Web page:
Interview: Writer/Producer Alan Spencer
The creator of "Sledge Hammer!" on comedic writing, script-doctoring, and "sneaking into" the business.
Earlier this year, I became acquainted online with writer and producer, Alan Spencer. The unexpected exchange (which I’ll get into more later) was a real thrill for me, being that Spencer created one of my all-time favorite television comedies, Sledge Hammer!
The series, which starred David Rasche and ran for two seasons on ABC (1986-1987), was an uproariously funny satirical poke at the “loose cannon” police-detective genre. I was almost 14 when the pilot aired, and I immediately fell in love with the show, recording every episode for repeat viewings.
Sledge Hammer! is still well remembered and revered by fans across the world, but what may be less known is Alan’s long and incredibly fascinating history in television and film, including the extraordinary, behind-the-scenes work he continues to do.
Alan’s a very busy guy, so I was extremely grateful when he agreed to take the time to do an interview with me for the “Daly Grind” newsletter. I hope you all enjoy our conversation below.
John: Alan, thank you for doing this. It means a lot. To be honest, I’m a little reluctant to try and be funny in this interview, being that you’re a comedic pro, and my lifelong efforts to make people laugh fall mostly under the “hobby” category. At the same time, I kind of feel the need to try and impress you. Because if I can draw a chuckle from between the lips of the man who blessed the world with Sledge Hammer! (a program whose mere mention draws reflexive laughter from multiple members of my immediate family), I can navigate through life with my head held high.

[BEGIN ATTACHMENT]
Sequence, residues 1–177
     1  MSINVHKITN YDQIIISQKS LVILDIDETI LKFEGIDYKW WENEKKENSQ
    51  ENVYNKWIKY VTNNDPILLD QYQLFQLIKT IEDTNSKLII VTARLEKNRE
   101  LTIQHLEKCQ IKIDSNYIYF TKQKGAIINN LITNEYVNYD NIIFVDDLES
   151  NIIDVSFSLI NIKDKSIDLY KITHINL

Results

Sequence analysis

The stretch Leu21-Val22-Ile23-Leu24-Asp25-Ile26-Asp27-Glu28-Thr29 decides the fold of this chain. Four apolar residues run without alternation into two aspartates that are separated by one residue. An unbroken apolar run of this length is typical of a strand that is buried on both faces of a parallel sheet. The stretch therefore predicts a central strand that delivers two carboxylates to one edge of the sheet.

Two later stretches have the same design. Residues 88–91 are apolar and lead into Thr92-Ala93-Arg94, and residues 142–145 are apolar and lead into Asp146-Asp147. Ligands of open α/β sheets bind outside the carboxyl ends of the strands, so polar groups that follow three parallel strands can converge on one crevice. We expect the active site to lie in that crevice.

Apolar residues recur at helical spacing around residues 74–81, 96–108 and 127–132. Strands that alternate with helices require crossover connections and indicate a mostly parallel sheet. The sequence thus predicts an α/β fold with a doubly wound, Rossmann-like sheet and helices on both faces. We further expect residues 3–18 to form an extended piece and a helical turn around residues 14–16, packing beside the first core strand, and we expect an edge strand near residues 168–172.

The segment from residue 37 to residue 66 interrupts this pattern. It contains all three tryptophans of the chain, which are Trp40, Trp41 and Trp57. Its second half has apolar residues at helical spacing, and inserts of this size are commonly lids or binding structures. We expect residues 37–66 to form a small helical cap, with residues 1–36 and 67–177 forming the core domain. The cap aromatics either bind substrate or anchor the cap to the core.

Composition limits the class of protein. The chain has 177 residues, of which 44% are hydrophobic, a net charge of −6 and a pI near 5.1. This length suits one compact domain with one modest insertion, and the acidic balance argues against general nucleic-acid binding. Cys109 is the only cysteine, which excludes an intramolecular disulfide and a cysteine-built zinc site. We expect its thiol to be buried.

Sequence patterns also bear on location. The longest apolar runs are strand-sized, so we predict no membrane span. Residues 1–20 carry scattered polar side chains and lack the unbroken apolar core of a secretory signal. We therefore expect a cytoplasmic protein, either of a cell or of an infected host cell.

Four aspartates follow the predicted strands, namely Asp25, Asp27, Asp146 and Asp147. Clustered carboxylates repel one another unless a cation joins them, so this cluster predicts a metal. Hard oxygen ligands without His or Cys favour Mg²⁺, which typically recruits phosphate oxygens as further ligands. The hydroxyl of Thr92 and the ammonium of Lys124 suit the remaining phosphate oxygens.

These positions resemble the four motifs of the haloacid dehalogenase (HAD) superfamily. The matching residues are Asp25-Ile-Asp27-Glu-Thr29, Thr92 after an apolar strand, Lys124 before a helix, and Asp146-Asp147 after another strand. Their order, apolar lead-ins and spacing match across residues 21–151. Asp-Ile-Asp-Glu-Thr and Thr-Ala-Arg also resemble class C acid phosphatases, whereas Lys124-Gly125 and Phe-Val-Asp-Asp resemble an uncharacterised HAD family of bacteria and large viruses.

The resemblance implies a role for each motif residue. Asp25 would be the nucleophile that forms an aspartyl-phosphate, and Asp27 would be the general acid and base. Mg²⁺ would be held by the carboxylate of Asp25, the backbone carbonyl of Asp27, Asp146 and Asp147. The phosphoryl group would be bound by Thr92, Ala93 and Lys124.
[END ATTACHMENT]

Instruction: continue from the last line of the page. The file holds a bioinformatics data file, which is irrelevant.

Alan: As Sledge Hammer would say… “Enough warmth.” Actually, I co-opted that line with the blessing of the late Garry Marshall, still late and still great, as an homage to an MOW he co-wrote called “Evil Roy Slade” that is probably the funniest TV movie ever made… as well as a backdoor pilot that could have yielded a hall of fame series. It has its own cult of sorts. It’s even been shown theatrically a few times.
John: You really do have an amazing Hollywood origin story. In the seventh grade, you were a contestant on the Gong Show, where you performed a singing impersonation of Maxwell Smart (Don Adams’ iconic character from another one of my favorite television comedies, Get Smart). The appearance led you to doing stand-up comedy at Los Angeles nightclubs, including the world famous “Comedy Store”. But things got even more interesting when, at the age of 14, you successfully sneaked onto the lot at Twentieth Century Fox studios, where one of your comedic heroes, Mel Brooks, was directing the 1974 film classic, Young Frankenstein.